4:16. With such a High Priest, it follows that believers should approach the throne of grace with confidence (parrēsias; cf. 3:6; 10:19, 35). In a book filled with lovely and captivating turns of expression, few excel the memorable phrase “throne of grace.” Such a conception of the presence of God into which beleaguered Christians may come at any time, suggests both the sovereignty of the One they approach (since they come to a “throne”) and His benevolence. At a point of contact with God like this Christians can fully expect to receive mercy and find grace to help... in... time of need.
In the first major movement of the epistle (1:5-4:16), the author set forth two major truths: (1) the exalted position and destiny of Him who is uniquely God’s King-Son and (2) the salvation-inheritance of those who cleave to Him by faith. Included in the consideration of these themes have been solemn warnings not to neglect or forfeit the inheritance that His exalted station makes so attainable. The Son’s future kingship has been at the center of all this discussion. At the same time, it has been made clear that the King-Son is also a High Priest. The importance of this reality has already been briefly pointed out. Now, however, the Son’s priestly role would be considered in detail. In doing so the writer as usual interspersed sections of exposition with passages of exhortation and warning. Before enlarging on the ramifications of the priesthood of Christ, the writer took the logical step of showing Christ’s qualifications for that role. Though His priesthood has already been assumed, its validity must now be asserted if the admonitions based on it are to carry full weight.
5:1. If it be asked what a high priest really is, the answer is easily drawn from the Old Testament institution with which the readers were familiar. Such a person is one of mankind’s own number: he is selected from among men and he is also their representative in matters related to God. These “matters” include the offering of both gifts (dōra) and sacrifices (thysias) for sins (cf. 8:3; 9:9).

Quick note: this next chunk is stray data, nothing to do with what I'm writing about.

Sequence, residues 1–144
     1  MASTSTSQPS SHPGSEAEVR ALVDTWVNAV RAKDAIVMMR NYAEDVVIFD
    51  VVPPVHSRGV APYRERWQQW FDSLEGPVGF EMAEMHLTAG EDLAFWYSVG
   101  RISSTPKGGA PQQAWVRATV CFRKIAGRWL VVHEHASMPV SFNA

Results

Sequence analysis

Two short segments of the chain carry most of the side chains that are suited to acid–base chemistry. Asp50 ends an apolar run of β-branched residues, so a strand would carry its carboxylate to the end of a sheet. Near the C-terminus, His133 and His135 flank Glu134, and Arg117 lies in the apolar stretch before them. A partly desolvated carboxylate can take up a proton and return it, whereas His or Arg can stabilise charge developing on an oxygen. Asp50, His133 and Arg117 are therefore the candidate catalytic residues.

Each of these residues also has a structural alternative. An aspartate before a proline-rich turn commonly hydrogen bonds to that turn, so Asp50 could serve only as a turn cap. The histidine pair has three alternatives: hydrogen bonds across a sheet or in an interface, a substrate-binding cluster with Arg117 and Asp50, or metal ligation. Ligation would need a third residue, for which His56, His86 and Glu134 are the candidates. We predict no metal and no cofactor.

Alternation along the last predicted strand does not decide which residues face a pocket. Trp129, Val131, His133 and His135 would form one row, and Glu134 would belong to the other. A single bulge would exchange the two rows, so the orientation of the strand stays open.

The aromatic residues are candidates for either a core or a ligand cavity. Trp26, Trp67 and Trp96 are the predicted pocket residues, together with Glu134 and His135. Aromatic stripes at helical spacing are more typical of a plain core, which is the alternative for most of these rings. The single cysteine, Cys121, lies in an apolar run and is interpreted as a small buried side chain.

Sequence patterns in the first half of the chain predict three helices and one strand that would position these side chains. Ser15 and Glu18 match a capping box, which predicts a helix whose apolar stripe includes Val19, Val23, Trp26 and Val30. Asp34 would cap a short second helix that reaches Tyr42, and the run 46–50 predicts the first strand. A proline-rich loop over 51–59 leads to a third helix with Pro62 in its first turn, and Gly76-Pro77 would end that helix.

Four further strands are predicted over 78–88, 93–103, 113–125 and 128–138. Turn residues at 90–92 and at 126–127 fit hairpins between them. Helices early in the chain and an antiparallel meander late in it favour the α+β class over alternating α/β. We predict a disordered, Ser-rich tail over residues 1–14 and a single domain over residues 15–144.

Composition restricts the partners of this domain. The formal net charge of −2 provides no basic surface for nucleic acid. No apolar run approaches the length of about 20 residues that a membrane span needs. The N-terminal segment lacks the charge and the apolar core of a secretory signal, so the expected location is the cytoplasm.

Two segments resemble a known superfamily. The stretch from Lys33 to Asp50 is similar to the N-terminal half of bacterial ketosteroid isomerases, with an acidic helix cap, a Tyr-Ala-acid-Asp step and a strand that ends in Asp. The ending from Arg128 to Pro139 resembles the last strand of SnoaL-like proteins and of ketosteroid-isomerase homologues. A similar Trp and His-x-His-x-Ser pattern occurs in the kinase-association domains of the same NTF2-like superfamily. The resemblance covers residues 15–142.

5:2-3. The high priest must also be a man of compassion as the word metriopathein, which underlies the phrase deal gently, implies. This is the capacity to moderate one’s feelings to avoid the extremes of cold indifference and uncontrolled sadness. For an ordinary high priest of the Old Testament, this sympathy grew out of an awareness that he himself was subject to weakness, prone to failures of his own. Hence in his sacrificial activities he must make the necessary offerings for his own and the peoples’ sins. In this respect alone, as the author will show later (cf. 7:27), Christ did not exactly correspond to the characteristics described here, since He “was without sin” (4:15). But it is also possible that the writer thought of the compassion of the Son-Priest as being far richer than the moderate gentleness he ascribed to other high priests.
5:4. But one thing is certain. The high-priestly office was a divine appointment and could not simply be entered because one aspired to that honor. Just as Aaron was, this High Priest must also be called by God.
5:5-6. No one is to suppose, the author insisted, that Christ began His priestly functions without the appropriate call from God. On the contrary, the same One who declared Christ to be the King-Son, declared Him also to be a Priest forever, in the order of Melchizedek. In uniting as the author did here the text of Psalm 2:7, which he had quoted before (Heb. 1:5), and the text of Psalm 110:4, he skillfully joined the two great truths about the Messiah which lie at the heart of this epistle. The declaration of Psalm 2 had proclaimed Him the Davidic Heir whose destiny was to rule the nations (cf. Ps. 2:8). But Psalm 110 had also been earlier quoted to much the same effect (cf. Heb. 1:13). Now, however, a further statement of this latter psalm was cited to show that the future Conqueror is also a Priest of a special order. In this way the author united in the person of Christ the dual offices of Priest and King. In doing so the author was perhaps conscious of countering a sectarian position like that evidently current at Qumran, where both a lay, or kingly, Messiah and a priestly Messiah seem to have been anticipated. In any case the two quotations given here from Psalms 2:7 and 110:4 furnish the concentrated essence of the author’s thought about the Lord Jesus Christ. It is likely enough that the writer assigned the proclamations of both psalms to the moment when the Son “sat down at the right hand of the Majesty in heaven” (Heb. 1:3).